For B&C client Dr. Peter Scholz, retirement has afforded him a chance to explore one of his lifelong passions – archaeology. Born to Swiss parents in New Jersey, Peter returned to Switzerland at 8 years old where he lived until he returned to the U.S. to complete his medical training. After 30 years of active clinical practice as an academic cardiac surgeon at Rutgers-Robert Wood Jonson Medical School in New Brunswick, NJ, he retired to Ponte Vedra Beach.
As a lifelong learner, Peter saw his retirement as an opportunity to learn more about a field that had always interested him. For the past two years, he has been auditing archaeology and anthropology classes at the University of North Florida Archaeology lab, led by Keith Ashley, Ph.D., Robert L. Thunin, Ph.D., and Vicki L. Rolland, Ph.D.
The mission of the lab is to pursue scholarly research, education and public outreach in the field of archaeology, focusing on researching the prehistoric inhabitants of Northeast Florida. Even though many discoveries about local Native Americans’ customs have been made over the last decade, little of this information has reached the public – but the team at the Archaeology Lab at UNF hopes to change that.
Members of the Archaeology Lab are currently working on four projects: the search for Fort Caroline, the Mill Cove Complex, the Mocama site and the Spanish Mission Santa Cruz de Guadalquini on Black Hammock Island. While these projects are certainly interesting, they are also of vital interest in today’s world. Peter adds, “It is important for us to know about the past history of the area we live in, the people, their way of life and their environment. The appreciation of our rich heritage and other past cultures is bound to enrich our own lives.”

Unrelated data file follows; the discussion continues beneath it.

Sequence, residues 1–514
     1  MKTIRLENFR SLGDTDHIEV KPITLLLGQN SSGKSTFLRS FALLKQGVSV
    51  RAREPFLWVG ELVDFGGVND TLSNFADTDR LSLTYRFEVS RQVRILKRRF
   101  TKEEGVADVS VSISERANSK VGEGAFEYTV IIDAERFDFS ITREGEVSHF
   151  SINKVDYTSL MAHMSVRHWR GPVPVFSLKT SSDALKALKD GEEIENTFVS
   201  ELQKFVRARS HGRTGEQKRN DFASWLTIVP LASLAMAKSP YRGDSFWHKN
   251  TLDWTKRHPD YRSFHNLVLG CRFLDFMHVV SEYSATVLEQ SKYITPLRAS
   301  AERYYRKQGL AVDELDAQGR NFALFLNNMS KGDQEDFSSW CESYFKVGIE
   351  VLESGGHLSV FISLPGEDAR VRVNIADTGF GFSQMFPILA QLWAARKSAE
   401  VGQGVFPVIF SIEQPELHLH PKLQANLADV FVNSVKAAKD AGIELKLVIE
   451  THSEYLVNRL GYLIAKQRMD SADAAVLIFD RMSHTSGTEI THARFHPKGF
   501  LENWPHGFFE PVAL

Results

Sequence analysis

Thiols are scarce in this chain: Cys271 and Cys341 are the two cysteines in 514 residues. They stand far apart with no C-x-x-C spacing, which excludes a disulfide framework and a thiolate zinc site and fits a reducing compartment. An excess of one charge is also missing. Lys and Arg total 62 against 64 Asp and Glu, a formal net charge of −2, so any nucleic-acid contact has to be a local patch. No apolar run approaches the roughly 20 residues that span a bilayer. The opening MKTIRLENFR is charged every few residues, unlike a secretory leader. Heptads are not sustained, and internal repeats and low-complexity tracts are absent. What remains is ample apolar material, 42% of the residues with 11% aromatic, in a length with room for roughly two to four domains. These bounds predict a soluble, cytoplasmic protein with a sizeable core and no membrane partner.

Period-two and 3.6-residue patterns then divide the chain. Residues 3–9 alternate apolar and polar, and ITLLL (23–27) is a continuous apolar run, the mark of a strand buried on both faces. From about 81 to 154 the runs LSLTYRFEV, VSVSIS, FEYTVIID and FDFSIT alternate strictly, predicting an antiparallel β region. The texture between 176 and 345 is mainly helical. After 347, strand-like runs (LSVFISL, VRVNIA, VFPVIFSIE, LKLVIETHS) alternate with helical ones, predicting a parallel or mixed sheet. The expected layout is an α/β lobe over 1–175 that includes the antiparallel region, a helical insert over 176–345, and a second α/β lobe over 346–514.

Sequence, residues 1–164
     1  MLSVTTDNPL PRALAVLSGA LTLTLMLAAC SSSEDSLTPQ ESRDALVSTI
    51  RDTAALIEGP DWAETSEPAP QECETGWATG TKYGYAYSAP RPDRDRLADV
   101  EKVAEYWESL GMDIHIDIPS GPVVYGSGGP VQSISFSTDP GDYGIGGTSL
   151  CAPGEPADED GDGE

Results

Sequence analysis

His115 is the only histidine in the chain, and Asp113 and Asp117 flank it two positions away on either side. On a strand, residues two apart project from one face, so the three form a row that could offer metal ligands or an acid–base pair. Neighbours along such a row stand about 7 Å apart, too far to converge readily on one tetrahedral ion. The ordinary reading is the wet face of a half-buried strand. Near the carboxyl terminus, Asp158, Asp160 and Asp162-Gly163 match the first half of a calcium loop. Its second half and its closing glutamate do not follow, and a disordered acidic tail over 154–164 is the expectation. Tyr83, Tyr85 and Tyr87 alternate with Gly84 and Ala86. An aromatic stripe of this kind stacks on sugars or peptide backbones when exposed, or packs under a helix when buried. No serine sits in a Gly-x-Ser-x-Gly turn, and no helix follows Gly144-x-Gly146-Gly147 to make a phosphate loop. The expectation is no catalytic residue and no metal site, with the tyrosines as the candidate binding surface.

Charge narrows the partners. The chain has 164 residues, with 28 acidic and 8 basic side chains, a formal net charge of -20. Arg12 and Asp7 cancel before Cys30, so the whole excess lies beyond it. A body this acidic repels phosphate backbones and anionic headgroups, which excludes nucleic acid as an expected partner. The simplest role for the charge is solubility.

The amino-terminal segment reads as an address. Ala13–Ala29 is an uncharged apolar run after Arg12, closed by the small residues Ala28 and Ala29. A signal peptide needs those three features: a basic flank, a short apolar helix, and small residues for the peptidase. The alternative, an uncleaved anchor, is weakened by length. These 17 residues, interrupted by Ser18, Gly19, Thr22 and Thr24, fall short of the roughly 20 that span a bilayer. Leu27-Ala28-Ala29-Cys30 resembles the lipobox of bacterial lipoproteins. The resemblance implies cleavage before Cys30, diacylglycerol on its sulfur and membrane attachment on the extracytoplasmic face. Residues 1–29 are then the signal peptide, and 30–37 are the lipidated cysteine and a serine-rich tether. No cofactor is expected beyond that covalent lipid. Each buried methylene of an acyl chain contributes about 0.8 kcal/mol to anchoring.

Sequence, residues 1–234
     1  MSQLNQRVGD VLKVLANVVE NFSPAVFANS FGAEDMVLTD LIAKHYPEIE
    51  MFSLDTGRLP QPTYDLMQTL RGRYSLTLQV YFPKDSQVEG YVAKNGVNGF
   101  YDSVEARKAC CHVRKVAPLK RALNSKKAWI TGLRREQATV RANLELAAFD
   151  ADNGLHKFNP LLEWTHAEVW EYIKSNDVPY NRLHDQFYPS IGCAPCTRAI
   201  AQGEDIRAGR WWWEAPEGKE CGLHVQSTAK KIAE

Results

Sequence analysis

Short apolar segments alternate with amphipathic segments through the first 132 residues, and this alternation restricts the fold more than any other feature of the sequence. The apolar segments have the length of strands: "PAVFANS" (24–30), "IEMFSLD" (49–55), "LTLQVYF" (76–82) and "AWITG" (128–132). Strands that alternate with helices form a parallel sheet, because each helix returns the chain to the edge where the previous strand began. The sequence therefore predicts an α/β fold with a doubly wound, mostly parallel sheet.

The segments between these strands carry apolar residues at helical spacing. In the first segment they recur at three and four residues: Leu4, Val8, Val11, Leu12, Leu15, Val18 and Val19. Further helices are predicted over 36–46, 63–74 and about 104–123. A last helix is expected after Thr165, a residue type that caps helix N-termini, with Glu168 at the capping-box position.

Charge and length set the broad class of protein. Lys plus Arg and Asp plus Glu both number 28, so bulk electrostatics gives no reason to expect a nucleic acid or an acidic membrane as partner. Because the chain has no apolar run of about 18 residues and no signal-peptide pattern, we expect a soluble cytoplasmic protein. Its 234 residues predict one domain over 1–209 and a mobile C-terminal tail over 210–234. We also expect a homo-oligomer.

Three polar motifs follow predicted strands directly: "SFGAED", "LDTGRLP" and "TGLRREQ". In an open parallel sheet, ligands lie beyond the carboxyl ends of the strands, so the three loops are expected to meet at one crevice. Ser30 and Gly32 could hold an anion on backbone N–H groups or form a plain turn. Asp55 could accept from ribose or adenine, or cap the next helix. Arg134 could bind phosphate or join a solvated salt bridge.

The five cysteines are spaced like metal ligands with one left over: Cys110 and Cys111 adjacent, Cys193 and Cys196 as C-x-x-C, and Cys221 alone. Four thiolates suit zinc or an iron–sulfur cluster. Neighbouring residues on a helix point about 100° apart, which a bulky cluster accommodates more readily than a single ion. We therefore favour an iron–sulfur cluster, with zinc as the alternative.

For Peter, being able to return to one of his pastimes of his teenage years has been an enjoyable experience. As a college student in Switzerland, he would perform archaeological excavations in medieval castles – now, he has been able to research the St. Johns people, the Native American Indians who lived in Northeast Florida around a thousand years ago. Of particular interest to him is the discovery that the St. Johns people were involved in a long-distance, two-way trade network with the peoples of the Mississippian culture. Items like copper face masks, ear plugs and arrowheads made their way to Florida from modern-day Illinois, the Great Lakes region and the Appalachian Mountains.
The Archaeology Lab at UNF is preparing to host the Florida Anthropological Society’s annual conference, where speakers will present some of the latest scholarly research and will educate the public about the people, places and cultures of the past in Florida. James Dunbar, an authority on Paleoindians of Florida, will be the keynote speaker. His topic will focus on underwater and wetland sites in Florida and the need for their preservation. The conference runs from May 5-7 at UNF. More information about the conference and the society can be found at https://fasweb.org/annual-conference.
To learn more about the Archaeology Lab at UNF or to donate to their cause, visit www.unf.edu/archlab.
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